Achieving this kind of fun in not hard in itself, children do it spontaneously every day. But braking that fun is really easy, that’s why we need designers in the first place.
One of the simplest, if not the simplest, ways to increase fun without breaking gameplay is by making it social. Social games are games that encourages gamers to interact or at least communicate about the gameplay. Social grouping is a fundamentally fun feature in human evolution and a large reason to why we choose to group and evolve societies.


What Tycho and Ozymandias have stumbled upon is the lack of game design. This is what gameplay features used to look like in the 80’s and early 90’s. Yes it’s a good idea to spotlight co-op because it is the most popular form of play in gaming today and developers unaware should become aware of this. But when people from within the industry don’t realize they’re kicking the dead design horse it scares me.
Is even our own industry unaware of what thought through design actually means for a game? Are we slowly receding into the dark ages of gaming again?

I like to hope not. In the meantime, check out the Bill of Rights and support a valiant effort!

Wii problem? meh…

A lot of reviewers and gamers are starting to complain about a problem that was obvous over a year ago. There are no games for the Wii.

I don’t understand this, I love my Wii. I love it as much as I love my Ipod. I look forward to turning it on, listening to the gloing-gloing theme, and messing around in the menu and settings. I use it for at least 5 minutes a month and it was totally worth the never, even once, cut price.

Well, I’ll be off now. I’m busy playing games and watching Blu-Ray movies on my PS3…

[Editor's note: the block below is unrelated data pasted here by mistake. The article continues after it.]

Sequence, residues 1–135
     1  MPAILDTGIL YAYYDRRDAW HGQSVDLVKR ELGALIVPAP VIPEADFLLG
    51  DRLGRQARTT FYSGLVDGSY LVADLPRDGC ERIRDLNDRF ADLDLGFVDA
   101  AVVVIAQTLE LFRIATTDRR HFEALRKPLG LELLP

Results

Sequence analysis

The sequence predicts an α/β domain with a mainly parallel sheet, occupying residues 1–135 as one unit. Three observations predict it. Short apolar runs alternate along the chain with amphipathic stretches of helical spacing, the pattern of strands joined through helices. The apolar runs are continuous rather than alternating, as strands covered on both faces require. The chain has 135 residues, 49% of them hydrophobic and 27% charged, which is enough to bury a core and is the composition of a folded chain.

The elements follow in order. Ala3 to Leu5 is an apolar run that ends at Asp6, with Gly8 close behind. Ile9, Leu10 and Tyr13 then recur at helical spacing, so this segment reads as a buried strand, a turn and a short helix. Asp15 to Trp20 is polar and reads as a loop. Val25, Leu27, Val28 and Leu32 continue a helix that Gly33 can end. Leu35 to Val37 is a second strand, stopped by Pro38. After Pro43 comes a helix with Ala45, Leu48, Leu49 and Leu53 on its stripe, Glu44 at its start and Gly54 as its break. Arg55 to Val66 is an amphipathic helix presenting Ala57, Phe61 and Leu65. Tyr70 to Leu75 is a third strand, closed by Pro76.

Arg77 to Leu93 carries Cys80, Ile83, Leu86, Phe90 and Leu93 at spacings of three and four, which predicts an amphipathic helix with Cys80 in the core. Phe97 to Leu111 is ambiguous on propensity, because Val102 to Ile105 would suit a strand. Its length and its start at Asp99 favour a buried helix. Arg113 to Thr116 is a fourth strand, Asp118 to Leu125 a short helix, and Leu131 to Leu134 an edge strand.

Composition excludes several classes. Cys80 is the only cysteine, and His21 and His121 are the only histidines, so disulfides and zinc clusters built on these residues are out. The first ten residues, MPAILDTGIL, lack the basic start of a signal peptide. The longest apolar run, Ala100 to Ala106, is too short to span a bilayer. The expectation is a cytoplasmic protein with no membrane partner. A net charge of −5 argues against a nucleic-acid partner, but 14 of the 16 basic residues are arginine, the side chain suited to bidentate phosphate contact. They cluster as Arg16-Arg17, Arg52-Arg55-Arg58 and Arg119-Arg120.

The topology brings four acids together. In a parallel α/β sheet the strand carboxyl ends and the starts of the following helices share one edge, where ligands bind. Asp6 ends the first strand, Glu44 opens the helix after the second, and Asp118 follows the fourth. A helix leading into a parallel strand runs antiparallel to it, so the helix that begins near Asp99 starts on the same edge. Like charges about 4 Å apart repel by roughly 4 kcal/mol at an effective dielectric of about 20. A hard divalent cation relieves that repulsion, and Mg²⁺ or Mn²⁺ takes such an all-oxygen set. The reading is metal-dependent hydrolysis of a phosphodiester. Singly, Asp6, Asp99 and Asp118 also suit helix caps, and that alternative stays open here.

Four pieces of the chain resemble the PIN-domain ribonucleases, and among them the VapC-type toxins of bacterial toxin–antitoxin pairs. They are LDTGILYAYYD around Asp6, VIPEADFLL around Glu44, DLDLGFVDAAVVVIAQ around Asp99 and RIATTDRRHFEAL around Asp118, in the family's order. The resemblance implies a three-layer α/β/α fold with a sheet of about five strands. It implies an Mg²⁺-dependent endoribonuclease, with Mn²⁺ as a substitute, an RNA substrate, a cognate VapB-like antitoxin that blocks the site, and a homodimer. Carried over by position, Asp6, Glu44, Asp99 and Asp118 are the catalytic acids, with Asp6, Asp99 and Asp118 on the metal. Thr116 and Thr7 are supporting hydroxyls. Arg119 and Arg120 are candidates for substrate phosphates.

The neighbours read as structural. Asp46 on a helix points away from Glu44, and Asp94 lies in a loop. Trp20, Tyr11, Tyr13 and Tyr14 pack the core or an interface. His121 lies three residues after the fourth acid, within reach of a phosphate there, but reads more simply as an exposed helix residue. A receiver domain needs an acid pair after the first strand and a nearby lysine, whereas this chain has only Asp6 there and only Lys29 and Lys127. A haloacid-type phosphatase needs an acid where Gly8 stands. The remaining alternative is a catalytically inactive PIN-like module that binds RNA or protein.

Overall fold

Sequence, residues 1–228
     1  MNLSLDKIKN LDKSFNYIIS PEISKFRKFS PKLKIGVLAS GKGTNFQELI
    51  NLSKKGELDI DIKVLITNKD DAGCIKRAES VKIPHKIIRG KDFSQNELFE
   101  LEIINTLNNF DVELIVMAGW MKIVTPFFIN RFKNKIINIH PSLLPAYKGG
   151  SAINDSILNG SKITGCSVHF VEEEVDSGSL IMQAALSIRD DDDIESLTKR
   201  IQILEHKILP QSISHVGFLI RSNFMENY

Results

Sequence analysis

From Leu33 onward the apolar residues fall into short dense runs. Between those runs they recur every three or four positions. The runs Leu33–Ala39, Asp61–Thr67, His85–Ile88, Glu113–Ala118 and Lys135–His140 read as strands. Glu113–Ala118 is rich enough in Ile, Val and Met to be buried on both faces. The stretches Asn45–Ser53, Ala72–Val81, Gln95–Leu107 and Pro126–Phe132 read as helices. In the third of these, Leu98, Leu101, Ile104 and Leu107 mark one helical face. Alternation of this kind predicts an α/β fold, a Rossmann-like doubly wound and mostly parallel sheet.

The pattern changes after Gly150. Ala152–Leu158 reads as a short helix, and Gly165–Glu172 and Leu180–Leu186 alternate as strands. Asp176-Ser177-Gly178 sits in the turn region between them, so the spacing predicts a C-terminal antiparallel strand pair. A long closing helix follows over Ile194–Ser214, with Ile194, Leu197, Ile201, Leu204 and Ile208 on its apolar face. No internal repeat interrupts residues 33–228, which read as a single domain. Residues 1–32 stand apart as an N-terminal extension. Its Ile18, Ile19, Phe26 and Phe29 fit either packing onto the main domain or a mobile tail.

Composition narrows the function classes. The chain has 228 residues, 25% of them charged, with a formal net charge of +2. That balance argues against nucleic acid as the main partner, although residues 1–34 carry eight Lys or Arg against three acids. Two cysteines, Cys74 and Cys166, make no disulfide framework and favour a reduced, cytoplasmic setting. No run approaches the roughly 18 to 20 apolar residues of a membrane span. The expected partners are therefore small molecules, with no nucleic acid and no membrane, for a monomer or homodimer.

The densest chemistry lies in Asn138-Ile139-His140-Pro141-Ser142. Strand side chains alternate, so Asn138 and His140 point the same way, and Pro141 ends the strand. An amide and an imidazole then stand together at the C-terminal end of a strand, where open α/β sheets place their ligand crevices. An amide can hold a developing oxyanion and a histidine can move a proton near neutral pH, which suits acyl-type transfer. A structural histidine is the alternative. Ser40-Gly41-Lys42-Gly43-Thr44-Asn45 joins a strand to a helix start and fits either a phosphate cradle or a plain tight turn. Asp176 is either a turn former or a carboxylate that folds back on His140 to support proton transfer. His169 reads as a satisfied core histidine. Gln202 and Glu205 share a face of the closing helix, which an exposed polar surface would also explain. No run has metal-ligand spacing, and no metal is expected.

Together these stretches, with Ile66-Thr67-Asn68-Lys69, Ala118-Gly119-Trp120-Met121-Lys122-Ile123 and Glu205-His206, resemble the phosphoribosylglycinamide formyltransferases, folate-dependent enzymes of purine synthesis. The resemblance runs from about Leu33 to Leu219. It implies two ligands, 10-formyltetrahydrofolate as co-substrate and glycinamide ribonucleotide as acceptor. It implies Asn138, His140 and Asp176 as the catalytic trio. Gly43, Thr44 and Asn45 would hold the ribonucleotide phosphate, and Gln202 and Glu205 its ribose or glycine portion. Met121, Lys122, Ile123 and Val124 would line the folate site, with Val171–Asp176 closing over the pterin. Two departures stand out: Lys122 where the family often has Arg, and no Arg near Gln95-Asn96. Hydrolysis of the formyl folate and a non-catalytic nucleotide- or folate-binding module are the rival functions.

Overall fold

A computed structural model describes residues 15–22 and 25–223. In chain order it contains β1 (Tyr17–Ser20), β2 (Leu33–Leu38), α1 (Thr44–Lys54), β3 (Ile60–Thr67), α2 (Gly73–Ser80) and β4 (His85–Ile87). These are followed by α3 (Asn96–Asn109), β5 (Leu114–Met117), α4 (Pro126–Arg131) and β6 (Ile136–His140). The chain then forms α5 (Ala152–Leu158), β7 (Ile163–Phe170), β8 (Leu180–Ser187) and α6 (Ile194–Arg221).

Duke Nukem or Prostitution games?

According to Kotakuit seems like Duke Nukem Forever will actually launch. This year. Seriously.
Wouldn’t it be awesome if this game launched, sold 10 million copies and was the best shooter ever? Every publisher would have to rethink their strategies and developers worldwide would be stunned.

A friend of mine was very recently made Junior Game Designer at Avalanche, I was talking to him today when he mentioned a discussion he was having on games about difficult subjects. Really difficult. He was playing with the idea of creating a game about prostitution or pedophilia. He was struggling with the problem that he’s learned that games are supposed to be fun. And making prostitution or pedophilia fun might not be everyones cup of tea.

I’ve been having thoughts about this for some time and I think that Raph Koster seems to be on the same track as me. Games don’t need to be fun. Most games on the market aren’t fun, think about gears of war or Mass Effect. They aren’t fun, they are entertaining for sure, but not fun exactly.
Maybe it’s because we still use the name games that we’ve narrowed our scope to just fun, maybe we should call it interactive entertainment instead. The term sums up our industry a lot better, Brain training is not fun, but it is entertaining.
Games, or interactive entertainment, should be engaging.

And nothing is stopping the most heinous acts from becoming engaging, give a player a perfect control and the order to perform a gruesome act they will quite possibly do it. But they will quite possibly also experience completely different feelings than fun. Hopefully at least.
But to let this happen we need to let go of all the bells and whistles we are using to create fun today. Maybe rape should not be awarded with points. Maybe it shouldn’t be awarded at all. But should we shy away from letting the player do it? Certainly not. We are after all, trying to engage peoples feelings and thoughts through our art, and they must perform the actions.

This is interactive entertainment after all!

Media disinformation